Yoga is just like football. Well, except for the fact that one of the very first tenets of yoga is Non-Violence (ahimsa), and football is an extremely violent game – yoga is just like football.
Tom Brady is one of the most successful athletes of all time in any sport. He knows that success isn’t decided on Sunday: but in the days, weeks, months, and years leading up to game time. One of my football coaches used to say:
“Cry in the dojo;
Laugh on the battlefield.”
He’s the first player at the training facility in the morning. You hear in the way he answers questions at press conferences his singular focus of preparing himself for the next game. His diet doesn’t consist of Nachos and Jack and Cokes, but wholesome and nourishing food. He isn’t staying up until midnight watching old movies, he’s asleep in bed well before most of the commoners in New England.
Tom knows better than anyone the value of training, commitment, and PRACTICE. Yea I’m talking about practice man.
It’s not as flashy or fun to talk about as Allen Iverson crossing someone up on the court, but it’s the difference between being someone who has a good run, and being someone who gets stronger as they go. It’s the difference between getting a trophy just for showing up, and having one named after you. Practice is the difference between just floating along through life, and living it to your fullest.
Now I’m not saying that doing yoga is going to make you Tom Brady. It won’t. But it will make you more like him. A regular yoga practice ingrains in your very body language the habits that make Tom successful.
In yoga you practice:
- breathing calmly through your nose
- standing tall from your feet right through to the top of your head
- focusing your eyes downfield
- putting yourself in challenging positions and learning to thrive
- harnessing thoughts and emotions to your benefit
And the most helpful thing to come from my personal yoga practice has been the
- reprogramming my “normal” way of interacting with my life and the world to make myself more proactive rather than reactive. To take my thoughts out of it and let my instincts take over.
That’s what I loved about playing football, and that’s what I love about practicing yoga. The simplicity of it.
In high school every day after school I would go and learn from my coaches. As much as we griped about them, they did a pretty good job to keep practice fun. Every day we would go over “reads” and responsibilities. Basically in my role as a defensive tackle I was watching the helmet of the guy in front of me. If he went left, I was to hit him and prevent him from moving me, right I was to hit him and go around him, and if he dropped back I was to hit him and drive through him to the quarterback. It doesn’t get any simpler than that.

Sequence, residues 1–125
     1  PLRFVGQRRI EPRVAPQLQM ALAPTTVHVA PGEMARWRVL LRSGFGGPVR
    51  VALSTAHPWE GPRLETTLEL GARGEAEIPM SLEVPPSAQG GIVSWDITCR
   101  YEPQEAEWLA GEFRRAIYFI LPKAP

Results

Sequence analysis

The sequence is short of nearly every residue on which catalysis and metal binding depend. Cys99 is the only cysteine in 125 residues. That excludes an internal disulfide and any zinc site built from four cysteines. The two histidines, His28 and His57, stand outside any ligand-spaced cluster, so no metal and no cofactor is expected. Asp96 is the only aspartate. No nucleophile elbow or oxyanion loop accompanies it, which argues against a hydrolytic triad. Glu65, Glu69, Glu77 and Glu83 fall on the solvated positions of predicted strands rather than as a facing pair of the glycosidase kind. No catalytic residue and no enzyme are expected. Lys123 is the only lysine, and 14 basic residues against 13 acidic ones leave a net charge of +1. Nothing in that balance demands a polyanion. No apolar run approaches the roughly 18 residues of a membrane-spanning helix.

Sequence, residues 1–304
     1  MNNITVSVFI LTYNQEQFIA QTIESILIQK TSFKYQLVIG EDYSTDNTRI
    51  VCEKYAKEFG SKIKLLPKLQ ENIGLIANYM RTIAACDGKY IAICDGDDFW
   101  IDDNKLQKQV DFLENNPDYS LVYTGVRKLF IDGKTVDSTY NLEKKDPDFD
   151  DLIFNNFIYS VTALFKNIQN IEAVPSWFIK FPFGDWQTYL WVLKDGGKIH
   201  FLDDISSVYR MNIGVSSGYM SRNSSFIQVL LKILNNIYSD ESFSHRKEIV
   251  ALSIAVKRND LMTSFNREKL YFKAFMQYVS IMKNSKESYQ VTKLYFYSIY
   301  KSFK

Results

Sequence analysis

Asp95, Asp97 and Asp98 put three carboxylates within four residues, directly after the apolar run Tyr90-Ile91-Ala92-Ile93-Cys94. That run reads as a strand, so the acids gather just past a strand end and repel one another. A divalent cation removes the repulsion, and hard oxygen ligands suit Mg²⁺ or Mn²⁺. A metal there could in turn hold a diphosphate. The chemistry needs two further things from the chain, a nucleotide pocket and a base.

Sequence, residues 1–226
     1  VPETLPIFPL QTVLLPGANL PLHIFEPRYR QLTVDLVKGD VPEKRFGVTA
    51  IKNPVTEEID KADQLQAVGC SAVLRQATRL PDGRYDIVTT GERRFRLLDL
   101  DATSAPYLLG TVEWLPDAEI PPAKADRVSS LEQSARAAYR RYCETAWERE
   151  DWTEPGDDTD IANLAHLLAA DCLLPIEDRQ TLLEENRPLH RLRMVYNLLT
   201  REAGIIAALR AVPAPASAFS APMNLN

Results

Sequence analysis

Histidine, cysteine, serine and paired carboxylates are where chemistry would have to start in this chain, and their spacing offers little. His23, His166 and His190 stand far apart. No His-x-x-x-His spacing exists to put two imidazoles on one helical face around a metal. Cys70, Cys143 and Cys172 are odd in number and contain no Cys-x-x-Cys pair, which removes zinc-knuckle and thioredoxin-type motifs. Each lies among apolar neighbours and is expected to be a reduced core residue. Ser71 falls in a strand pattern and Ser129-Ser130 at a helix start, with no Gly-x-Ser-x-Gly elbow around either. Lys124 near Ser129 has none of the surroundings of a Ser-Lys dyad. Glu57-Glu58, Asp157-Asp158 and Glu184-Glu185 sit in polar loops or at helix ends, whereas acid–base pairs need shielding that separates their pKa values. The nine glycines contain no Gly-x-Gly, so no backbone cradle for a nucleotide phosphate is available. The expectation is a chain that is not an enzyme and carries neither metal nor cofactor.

I didn’t have to get creative, or do arithmetic, or conjugate any verbs in the past imperfect. I just had to practice reading and reacting so much that it became the new normal for me.
Then, on Saturday afternoon out on the field I got to use all of that training. I got to live in the fullest and purest experience of my body, not in my brain.
As an 18 year old kid with hormones and uncertainty about what I wanted to do with my life – it was a treat to get to do that.
Now as a 28 year old man with a full time job, marriage, kids, a business, and still some of the same questions about “what do I want to do with my life” it’s an absolute necessity to get to turn off my brain and spend some time in the deeply physical space of my yoga practice.
Just like the work a football player puts in all week shows out on the gridiron, so too does my work on my mat show when it’s game time for me. At work, at home, and out in the world the reactions I program in during practice determine the very difference between my successes and failures.
And as much as this notion of smashing someone in the mouth in the real world can feel like it would be rewarding, that high is fleeting. This yoga practice helps dissolve the emotional weakness in us that makes us feel like someone else is responsible for our problems. It helps to remind us that anything worthwhile is worth fighting hard for and there is no other way to get what you want than to physically start moving your body and your life in that direction.
Your natural state is one of strength, health, clarity, and happiness.
Let us help you find it.
Please please please email me, call me, text me any time with any questions that will help make you feel more comfortable starting your yoga practice. All of our classes are all levels and $10 all the time to make this as accessible to as many people as possible. Come and join us – especially if you look or feel like an offensive lineman. This practice is purposefully designed to be doable for people of all shapes, sizes, and fitness levels. Don’t let another day slip by.
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